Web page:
Well, the vaccine conference is over, at least for me. There is one last panel tonight on vaccines and political action, but it’s time for me to rest and to catch you up on this amazing event. I had originally intended to blog everyday, but the conference schedule has literally been non-stop and this is the first chance I’ve had to organize my thoughts.
The conference presentations were uniformly excellent, the material diverse and far reaching and the attendees inspired and activated. There is no doubt in my mind that we have reached a critical mass. It is just a matter of time before we resuscitate the informed consent doctrine in the US. Perhaps it is the fear of mandatory vaccines for swine flu that finally will tip the point.
In the spirit of The Seven Traits of Highly Effective People, I want to “start with the end in sight.” I will tell you about the end of the conference and then go back to the beginning. Over the next two weeks, I will blog about what I’ve learned from the sessions.
Barbara Loe Fisher, co-founder and president of the National Vaccine Information Center (NVIC), made her closing remarks joyfully today. Just yesterday, Dawn Richardson, president of Parents Requesting Open Vaccine Education (PROVE), suggested that since the government was unwilling to fund research into comparing health outcomes between vaccinated and unvaccinated children, we do it ourselves.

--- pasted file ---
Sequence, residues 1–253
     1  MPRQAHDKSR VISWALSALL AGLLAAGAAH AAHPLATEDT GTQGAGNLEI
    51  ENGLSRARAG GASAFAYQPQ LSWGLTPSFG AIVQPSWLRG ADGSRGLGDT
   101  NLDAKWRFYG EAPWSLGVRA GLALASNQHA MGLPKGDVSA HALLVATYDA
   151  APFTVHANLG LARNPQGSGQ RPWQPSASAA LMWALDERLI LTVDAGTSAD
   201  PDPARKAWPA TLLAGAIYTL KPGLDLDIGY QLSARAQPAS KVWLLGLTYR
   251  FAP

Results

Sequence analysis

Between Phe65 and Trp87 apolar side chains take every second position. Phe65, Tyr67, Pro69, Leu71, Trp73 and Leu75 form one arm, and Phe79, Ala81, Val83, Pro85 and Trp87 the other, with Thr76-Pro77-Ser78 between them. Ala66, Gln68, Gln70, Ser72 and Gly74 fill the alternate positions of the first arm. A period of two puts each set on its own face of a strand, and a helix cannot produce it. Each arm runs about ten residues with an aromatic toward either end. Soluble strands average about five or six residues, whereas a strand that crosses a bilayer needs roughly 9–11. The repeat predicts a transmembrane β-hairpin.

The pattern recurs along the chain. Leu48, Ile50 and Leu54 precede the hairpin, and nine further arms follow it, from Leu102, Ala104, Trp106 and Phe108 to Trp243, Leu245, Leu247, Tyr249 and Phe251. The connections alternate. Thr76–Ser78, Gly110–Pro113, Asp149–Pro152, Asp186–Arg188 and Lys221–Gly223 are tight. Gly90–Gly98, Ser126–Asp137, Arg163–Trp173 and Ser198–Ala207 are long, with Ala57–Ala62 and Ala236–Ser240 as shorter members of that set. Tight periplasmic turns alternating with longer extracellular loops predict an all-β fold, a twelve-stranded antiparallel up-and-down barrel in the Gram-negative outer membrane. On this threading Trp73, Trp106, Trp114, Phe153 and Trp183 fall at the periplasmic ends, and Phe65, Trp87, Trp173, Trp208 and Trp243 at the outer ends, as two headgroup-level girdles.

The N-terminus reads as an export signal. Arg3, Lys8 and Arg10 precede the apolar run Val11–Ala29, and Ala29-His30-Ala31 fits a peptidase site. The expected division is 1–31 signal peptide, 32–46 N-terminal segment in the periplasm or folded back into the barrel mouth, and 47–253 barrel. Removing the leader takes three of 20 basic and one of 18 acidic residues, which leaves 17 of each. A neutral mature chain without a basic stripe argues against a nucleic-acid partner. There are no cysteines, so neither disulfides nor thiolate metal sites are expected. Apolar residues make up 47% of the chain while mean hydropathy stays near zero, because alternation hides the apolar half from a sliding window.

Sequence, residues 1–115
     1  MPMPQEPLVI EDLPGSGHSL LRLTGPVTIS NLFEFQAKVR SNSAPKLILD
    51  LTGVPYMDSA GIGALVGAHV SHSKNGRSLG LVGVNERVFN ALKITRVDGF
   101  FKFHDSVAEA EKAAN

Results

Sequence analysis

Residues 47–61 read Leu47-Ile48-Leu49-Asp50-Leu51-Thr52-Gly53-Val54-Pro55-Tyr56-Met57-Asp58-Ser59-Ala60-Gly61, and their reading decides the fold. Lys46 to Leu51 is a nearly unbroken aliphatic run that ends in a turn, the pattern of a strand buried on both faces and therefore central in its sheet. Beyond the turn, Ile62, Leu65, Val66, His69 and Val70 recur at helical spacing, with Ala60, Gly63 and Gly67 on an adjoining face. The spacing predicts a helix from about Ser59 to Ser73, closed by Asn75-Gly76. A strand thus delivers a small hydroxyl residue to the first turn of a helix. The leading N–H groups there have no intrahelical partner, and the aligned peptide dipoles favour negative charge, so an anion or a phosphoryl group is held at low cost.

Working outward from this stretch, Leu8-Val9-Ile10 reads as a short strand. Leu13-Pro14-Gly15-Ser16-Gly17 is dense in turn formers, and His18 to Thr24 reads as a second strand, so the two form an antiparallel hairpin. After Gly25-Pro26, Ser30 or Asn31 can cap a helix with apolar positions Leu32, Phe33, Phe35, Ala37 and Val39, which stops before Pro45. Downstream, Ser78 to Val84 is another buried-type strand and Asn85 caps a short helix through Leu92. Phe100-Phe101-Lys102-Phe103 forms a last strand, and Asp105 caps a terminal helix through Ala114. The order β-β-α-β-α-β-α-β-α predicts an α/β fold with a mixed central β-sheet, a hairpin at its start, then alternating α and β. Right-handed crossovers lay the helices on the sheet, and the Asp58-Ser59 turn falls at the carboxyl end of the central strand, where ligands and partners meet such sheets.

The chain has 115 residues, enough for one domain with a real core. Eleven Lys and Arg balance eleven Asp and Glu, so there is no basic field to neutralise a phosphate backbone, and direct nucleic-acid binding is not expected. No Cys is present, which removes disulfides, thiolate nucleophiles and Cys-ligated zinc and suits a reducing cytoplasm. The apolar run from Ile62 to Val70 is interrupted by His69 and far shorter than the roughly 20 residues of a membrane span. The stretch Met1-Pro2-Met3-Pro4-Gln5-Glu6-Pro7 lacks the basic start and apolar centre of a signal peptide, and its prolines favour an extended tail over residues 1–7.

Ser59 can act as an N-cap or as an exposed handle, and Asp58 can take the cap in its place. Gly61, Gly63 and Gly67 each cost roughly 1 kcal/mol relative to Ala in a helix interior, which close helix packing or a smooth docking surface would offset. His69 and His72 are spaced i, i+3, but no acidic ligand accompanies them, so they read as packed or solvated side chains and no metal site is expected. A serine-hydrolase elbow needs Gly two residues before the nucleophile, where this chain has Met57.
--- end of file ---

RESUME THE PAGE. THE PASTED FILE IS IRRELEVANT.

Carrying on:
Barbara offered that NVIC would immediately begin to take donations to fund such a scientific study, to be conducted by independent, credentialed researchers and published in an important medical journal. In just the last 24 hours of this conference, NVIC has raised $110,000 for this study and will issue a press release regarding it tomorrow, Monday 5 October 2009. This is an historic moment.
I would suggest that you go immediately to the NVIC website and sign up for their newsletter so that you can receive the press release. While you’re at it, make a donation to NVIC. Family membership is just $25. Their mostly volunteer staff has been doing so much for all of us since 1982 and they operate on a budget of less than $300,000 a year. Barbara said that if they had more funding for the organization, they could:
Mount a national advertising campaign.
Offer a 24 hour a day national vaccine reaction reporting hotline.
Create statewide legal and medical networks.
Coordinate state leaders working for state exemptions.
Dawn Richardson from Texas, who suggested that parents do the study, has developed model state language for a medical exemption. She did a session Thursday night on “State Organizing To Get & Protect Vaccine Choices” and I’ve asked her to write an article for us on this topic. Look for it in early 2010. More tomorrow.